As Australia's aged population grows, so too does crime against them, elder abuse is estimated to affect as many as one in ten seniors.
(Transcript from World News Australia Radio)
It's an age-old problem - literally - and it's getting worse.
As Australia's aged population grows, so too does crime against them.
Elder abuse is estimated to affect as many as one in ten seniors.
A national conference in Adelaide is urging tougher policies and new laws to tackle what's often a silent crime wave.
"People can be abused regardless of their education, their financial stability, where they live, what culture they come from - it's something that affects potentially every older Australian."
Marilyn Crabtree heads the Aged Rights Advocacy Service in South Australia.
Since its establishment in 1990, the Service has seen a steady increase in abuse of older Australians.
"Well they talk about one in 20 over the age of 65, however if people are a bit older, the "old" old and they're more frail, then their likelihood would increase to one in ten or even more depending on the level of dependency and vulnerability and frailty of the older person."
Marilyn Crabtree says tracking the type and prevalence of abuse across the nation is difficult because each state and territory has different laws, different assessment procedures and different reporting standards.
"It's an exploitation of the older person's rights. And financial abuse would have to be one of the most commonly reported forms of abuse that we see, and usually psychological abuse would go along with that because people intimidate you, you know, they don't just ask nicely can you please give me a cheque for $10,000: they intimidate you into giving them the money."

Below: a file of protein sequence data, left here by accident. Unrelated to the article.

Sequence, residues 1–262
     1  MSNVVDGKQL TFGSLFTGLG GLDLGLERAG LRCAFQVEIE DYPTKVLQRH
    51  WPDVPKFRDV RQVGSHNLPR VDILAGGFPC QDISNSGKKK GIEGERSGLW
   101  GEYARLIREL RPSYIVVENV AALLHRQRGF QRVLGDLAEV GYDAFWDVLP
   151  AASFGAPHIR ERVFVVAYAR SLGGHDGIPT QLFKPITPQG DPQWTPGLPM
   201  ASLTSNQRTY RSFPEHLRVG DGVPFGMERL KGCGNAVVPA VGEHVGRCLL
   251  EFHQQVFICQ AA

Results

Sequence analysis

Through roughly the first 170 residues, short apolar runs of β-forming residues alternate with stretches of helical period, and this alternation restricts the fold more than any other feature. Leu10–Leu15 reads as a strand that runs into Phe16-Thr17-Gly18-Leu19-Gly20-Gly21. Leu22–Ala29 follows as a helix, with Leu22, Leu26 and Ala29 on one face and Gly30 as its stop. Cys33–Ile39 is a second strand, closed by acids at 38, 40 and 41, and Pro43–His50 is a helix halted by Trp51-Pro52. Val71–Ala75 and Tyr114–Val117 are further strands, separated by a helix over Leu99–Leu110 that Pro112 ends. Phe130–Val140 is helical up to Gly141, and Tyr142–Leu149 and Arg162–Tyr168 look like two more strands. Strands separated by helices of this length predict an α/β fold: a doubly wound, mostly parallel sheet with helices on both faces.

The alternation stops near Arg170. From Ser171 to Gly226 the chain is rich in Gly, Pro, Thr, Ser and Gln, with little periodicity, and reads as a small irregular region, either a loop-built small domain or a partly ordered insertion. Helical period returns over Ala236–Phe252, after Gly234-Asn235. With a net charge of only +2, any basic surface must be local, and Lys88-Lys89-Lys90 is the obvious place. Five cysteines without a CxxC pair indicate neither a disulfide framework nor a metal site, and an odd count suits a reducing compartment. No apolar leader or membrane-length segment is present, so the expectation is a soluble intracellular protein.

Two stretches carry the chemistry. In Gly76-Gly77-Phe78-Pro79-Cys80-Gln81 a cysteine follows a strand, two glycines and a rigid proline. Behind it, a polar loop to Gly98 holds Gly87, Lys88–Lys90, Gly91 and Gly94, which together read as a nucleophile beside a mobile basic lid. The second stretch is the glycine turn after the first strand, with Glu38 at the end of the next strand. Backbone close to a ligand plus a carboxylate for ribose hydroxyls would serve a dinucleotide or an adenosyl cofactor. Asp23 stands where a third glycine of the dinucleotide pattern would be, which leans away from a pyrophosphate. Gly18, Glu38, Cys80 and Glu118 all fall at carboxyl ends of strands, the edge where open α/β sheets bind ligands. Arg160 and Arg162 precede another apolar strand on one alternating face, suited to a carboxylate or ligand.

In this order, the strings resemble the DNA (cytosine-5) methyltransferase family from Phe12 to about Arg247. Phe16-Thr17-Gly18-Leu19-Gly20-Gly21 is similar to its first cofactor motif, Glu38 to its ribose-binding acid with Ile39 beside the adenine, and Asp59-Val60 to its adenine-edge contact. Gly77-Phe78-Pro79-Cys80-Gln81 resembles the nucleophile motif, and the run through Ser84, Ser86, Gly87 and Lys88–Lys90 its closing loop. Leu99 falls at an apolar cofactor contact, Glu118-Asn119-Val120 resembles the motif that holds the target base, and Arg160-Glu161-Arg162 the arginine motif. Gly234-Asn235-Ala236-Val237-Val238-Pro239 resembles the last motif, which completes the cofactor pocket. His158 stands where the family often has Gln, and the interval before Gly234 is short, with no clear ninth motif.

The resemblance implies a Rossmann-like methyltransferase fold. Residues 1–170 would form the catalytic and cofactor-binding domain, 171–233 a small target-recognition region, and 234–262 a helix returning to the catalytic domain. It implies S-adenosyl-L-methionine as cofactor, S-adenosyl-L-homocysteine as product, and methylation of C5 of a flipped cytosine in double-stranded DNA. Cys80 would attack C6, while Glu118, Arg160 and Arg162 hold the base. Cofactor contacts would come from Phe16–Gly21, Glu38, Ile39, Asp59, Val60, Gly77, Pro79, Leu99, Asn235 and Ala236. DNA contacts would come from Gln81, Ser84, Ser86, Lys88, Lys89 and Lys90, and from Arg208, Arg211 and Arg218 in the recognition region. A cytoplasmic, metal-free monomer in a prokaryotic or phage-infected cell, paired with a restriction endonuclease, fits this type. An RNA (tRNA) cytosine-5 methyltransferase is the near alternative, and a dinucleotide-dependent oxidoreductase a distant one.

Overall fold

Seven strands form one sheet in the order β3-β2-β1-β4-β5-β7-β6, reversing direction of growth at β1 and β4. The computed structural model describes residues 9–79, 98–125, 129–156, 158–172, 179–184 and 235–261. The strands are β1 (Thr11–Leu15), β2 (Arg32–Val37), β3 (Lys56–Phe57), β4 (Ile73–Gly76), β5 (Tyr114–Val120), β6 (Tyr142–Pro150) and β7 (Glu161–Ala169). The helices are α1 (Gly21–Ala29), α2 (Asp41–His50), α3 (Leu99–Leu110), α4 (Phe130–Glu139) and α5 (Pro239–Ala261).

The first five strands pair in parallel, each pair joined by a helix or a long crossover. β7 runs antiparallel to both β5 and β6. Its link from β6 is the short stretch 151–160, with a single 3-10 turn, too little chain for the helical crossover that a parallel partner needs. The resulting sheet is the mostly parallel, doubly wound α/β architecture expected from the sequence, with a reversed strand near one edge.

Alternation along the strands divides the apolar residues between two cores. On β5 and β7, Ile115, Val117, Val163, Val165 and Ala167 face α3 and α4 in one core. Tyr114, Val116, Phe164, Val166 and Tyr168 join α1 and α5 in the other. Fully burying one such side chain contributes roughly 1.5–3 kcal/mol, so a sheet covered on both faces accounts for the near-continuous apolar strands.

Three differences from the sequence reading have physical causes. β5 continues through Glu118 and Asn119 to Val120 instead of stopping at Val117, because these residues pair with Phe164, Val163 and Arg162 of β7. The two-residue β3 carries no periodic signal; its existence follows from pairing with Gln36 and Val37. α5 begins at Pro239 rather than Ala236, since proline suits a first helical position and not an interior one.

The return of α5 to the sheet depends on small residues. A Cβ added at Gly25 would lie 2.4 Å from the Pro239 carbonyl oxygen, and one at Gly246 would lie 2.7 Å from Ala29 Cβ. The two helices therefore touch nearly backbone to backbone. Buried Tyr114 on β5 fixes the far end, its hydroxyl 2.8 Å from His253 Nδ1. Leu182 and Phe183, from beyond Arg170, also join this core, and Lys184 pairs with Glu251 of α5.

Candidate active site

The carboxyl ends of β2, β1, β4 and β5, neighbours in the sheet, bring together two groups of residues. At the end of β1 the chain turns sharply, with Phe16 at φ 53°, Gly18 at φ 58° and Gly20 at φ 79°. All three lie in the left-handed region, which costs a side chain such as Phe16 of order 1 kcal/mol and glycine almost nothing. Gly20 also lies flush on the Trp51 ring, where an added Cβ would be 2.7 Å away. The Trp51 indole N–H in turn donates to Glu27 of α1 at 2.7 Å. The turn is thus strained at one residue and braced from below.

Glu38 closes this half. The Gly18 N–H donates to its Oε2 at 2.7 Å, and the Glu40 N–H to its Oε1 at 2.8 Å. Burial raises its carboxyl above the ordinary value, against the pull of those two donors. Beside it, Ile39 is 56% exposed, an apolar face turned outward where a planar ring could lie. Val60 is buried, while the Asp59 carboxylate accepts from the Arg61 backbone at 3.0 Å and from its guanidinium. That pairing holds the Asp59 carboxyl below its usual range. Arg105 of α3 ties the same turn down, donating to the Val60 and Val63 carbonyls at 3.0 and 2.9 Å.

Those abusers can be relatives, carers - or strangers.
Frequently, aged parents are stripped of their savings by children who have Power of Attorney over their affairs - some 44 per cent of elders suffer financial abuse.
Carers too might take financial advantage of their charges, sometimes intimidating or physically assaulting them to get what they want - about 33 per cent of elder abuse is psychological and about 10 per cent is estimated to be physical.
And the elderly are more vulnerable than most to predations by strangers, from scammers and thieves posing as door-to-door salespeople, by phone or online.
Megan Mitchell, from the Australian Human Rights Commission, told the conference that the very old, women and those in minority groups are at greatest risk.
"Two important minority groups that require more attention and support are culturally and linguistically diverse communities, and lesbian, gay, bisexual and transgender people and people with a disability. Older people from these groups may have additional vulnerabilities arising from continuing discrimination during their lives."
Paul Greenwood is a San Diego District Attorney who specialises in prosecuting cases of elder abuse.
He says the US has statutes specifying elder abuse as a crime in its own right - and thinks that's a path Australia should follow.